Therefore, it is critical that when we offer help to survivors of domestic violence, we recognize that they are the experts in their lives. They have heard the threats, they have lived under the control of a partner, and they have experienced the trauma first-hand. They understand the risks involved with staying or leaving. Each survivor needs to make decisions about what is best for them based on their experiences, fears, and resources. There is no one-size-fits-all approach that will work for every situation of domestic violence, but we can listen and support each survivor to assist them with developing a plan that might help them in their unique situation.
This October, in honor of Domestic Violence Awareness Month, please join us in helping local survivors by listening without judgment and referring to local agencies who are here to help. Instead of telling someone that they need to leave their relationship or take certain action, suggest options, and support their right to make the choices that are safest for them. Together, we can make our communities safer for adults and children who have experienced abuse.”
— Becky Winstead, Vice President of Domestic Violence Services, Remedies Renewing Lives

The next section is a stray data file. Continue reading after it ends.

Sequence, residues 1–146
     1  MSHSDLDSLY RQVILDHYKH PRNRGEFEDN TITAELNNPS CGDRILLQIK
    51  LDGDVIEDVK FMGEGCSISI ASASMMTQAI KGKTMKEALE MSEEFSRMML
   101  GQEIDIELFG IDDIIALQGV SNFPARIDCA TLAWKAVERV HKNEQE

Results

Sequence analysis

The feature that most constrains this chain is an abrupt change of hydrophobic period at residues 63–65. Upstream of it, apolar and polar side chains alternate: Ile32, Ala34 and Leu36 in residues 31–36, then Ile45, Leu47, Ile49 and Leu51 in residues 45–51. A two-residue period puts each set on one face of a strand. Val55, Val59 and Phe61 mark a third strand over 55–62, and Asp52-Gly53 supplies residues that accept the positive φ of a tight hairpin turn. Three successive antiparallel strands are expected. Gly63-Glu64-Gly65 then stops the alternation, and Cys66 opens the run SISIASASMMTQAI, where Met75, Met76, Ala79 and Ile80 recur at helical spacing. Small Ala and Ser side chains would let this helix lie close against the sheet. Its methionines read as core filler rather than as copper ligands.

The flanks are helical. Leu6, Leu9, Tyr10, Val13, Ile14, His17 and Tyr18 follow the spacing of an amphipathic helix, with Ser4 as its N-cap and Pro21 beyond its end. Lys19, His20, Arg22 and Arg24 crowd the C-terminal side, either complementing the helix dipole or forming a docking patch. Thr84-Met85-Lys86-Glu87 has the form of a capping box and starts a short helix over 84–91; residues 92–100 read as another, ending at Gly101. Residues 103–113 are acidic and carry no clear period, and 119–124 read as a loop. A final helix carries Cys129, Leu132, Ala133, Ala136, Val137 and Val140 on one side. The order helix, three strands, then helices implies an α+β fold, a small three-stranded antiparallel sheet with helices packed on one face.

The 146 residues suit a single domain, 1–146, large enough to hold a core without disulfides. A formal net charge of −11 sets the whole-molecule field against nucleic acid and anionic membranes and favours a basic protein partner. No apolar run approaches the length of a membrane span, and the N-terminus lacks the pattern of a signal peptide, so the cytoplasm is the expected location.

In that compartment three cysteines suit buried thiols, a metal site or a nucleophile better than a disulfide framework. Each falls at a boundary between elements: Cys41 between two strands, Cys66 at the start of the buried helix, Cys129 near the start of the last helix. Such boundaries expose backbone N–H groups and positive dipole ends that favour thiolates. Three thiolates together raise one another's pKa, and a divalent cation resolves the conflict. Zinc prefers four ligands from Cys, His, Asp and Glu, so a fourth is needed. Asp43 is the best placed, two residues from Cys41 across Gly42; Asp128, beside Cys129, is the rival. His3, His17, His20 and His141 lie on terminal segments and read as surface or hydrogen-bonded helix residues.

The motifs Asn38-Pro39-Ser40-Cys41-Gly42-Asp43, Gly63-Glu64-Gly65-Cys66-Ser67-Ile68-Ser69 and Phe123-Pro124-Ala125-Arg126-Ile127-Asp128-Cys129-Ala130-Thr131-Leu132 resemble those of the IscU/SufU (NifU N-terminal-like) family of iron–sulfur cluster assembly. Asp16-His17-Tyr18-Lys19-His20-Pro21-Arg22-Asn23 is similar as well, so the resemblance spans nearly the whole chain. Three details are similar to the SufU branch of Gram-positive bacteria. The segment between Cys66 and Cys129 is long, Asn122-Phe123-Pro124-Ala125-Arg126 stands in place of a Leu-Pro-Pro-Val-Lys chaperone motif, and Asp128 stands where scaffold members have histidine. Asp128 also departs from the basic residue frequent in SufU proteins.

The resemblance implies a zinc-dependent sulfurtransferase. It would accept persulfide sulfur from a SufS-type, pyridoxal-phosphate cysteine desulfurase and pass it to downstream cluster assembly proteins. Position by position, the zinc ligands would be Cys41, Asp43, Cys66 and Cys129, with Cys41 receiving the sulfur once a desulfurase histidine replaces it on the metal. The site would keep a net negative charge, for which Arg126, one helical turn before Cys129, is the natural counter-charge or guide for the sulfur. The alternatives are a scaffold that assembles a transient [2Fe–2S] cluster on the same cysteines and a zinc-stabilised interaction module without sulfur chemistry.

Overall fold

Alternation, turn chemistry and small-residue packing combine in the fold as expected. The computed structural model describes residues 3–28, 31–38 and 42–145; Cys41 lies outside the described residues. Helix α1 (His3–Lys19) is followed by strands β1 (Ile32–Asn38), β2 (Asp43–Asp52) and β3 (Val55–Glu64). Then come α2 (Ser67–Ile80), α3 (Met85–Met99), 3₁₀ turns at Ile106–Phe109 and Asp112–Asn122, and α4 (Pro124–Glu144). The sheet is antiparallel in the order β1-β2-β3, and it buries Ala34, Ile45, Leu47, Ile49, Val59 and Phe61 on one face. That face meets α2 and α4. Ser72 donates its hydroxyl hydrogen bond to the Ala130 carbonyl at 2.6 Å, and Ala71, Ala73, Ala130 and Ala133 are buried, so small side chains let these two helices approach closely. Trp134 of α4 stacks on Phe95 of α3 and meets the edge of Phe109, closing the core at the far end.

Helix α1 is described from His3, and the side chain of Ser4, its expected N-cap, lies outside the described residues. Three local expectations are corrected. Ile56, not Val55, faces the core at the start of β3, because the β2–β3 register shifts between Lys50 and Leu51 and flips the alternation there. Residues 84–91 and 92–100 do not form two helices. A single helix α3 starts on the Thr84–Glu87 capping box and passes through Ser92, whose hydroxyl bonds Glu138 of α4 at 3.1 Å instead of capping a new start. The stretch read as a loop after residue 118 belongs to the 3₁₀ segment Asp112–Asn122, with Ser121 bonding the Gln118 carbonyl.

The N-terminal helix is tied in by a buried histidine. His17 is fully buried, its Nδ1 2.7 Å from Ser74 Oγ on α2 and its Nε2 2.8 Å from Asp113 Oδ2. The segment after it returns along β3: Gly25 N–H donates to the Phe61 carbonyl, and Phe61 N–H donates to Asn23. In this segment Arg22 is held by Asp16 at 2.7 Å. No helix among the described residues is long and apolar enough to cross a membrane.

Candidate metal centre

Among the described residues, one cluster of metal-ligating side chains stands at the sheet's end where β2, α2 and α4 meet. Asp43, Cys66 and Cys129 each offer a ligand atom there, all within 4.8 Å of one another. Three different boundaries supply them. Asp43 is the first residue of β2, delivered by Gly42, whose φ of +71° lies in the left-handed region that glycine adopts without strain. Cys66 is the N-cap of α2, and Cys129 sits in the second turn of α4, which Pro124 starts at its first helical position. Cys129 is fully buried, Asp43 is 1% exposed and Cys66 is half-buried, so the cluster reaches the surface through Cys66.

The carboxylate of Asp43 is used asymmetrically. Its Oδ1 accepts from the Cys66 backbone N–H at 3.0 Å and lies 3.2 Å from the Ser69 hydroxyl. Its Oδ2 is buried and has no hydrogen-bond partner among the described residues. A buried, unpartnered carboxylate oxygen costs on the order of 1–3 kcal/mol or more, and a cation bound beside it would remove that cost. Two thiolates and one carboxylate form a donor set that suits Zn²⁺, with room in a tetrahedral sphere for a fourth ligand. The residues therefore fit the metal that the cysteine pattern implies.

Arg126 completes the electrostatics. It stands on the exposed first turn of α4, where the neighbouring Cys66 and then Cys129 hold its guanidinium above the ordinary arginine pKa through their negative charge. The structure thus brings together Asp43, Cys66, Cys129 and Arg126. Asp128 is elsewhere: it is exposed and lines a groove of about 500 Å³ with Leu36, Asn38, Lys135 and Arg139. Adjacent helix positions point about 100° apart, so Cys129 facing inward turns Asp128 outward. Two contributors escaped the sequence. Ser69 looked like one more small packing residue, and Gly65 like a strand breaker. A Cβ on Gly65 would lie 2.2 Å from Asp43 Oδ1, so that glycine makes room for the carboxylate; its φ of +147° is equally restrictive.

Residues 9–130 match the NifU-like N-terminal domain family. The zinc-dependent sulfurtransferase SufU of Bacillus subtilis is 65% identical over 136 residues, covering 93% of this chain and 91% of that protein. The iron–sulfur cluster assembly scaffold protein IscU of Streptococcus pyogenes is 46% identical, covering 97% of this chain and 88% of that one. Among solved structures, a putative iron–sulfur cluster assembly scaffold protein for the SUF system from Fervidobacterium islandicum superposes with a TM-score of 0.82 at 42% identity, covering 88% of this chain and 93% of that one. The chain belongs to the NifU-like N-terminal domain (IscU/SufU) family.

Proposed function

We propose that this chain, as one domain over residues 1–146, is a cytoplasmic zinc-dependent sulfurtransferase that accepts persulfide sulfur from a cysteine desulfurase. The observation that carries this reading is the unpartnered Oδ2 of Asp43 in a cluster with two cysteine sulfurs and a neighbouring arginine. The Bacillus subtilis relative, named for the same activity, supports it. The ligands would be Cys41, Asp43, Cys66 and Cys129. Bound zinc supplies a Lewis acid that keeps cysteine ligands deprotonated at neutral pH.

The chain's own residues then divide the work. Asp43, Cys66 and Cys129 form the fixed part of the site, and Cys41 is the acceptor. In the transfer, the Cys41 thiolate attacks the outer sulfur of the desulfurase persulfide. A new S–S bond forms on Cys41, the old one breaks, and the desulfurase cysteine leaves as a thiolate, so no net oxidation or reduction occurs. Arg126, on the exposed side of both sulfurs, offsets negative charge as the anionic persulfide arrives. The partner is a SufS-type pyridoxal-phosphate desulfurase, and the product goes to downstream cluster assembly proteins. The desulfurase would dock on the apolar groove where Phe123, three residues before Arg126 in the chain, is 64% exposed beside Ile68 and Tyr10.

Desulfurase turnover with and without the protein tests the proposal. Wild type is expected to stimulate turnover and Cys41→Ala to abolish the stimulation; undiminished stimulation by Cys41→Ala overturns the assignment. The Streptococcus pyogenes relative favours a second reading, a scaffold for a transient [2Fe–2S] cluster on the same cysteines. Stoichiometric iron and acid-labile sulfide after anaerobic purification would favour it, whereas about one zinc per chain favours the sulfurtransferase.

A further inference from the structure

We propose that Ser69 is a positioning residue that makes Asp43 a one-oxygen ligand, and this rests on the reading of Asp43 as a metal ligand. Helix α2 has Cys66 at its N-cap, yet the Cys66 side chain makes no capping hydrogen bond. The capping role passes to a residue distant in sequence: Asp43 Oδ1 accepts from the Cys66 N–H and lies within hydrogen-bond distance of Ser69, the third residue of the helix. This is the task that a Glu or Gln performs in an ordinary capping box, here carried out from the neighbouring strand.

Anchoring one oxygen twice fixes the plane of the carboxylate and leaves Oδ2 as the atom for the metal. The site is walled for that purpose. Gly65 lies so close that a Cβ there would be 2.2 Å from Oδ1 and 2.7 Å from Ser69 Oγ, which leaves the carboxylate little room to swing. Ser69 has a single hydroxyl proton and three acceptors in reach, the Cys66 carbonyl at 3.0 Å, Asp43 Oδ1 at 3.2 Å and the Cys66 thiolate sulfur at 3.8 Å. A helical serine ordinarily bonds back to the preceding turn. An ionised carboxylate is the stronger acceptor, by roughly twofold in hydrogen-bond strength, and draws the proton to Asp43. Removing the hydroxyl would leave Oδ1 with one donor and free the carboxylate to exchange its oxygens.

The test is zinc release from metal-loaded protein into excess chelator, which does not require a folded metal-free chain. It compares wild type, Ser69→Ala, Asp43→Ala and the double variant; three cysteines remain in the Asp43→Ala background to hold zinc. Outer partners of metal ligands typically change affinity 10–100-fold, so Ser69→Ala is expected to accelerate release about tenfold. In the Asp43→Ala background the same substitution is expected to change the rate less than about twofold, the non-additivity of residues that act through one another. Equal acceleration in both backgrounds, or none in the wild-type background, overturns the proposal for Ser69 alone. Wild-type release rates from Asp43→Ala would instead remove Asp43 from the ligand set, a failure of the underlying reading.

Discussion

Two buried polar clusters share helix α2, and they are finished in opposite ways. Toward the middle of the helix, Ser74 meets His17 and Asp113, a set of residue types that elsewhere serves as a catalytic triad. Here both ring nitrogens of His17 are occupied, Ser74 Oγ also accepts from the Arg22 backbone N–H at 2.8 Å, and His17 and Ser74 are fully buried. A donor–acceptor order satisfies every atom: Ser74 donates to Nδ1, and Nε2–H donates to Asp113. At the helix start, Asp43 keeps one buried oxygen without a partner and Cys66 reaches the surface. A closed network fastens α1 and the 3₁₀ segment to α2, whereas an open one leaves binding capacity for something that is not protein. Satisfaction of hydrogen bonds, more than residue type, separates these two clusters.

Victim, Survivor, Advocate, Warrior
“My name is Karlene (she/her), and the perspective of this short piece will be coming from my viewpoint as a survivor, former advocate, and current ICADV staff member. I will be writing with vulnerability and courage to lay out how I developed my passion for anti-oppression work. A survivor I worked with told me once after receiving services: “I went from being a victim, to a survivor, to an advocate, to a warrior”. This is my why. And below is my story:
I started as a victim. At the age of 13, I experienced online grooming/trafficking. From ages 14-17, I was exposed to sexual harassment, teen dating violence, and unwanted/unsolicited sexual touch by multiple people. At age 20, I experienced a sexual assault. It was this that led me to a campus sexual assault support group, and I learned for the first time these experiences throughout my life constitute as sexual violence. It was also in this support group where I learned that my experiences aren’t all that rare. In fact, sexual and domestic violence does not discriminate against anyone.
I turned into a survivor. I started to find some knowledge, power, and healing. I started to understand that my debilitating anxiety, major depression, and suicide ideation was coming from a place of deep, suppressed pain that deserved and needed to heal. And since healing is not linear, this healing continues to this day and probably for my lifetime.
I wanted to get involved. I interned/volunteered for a year with a local sexual assault/domestic violence (SA/DV) agency, and a few years later…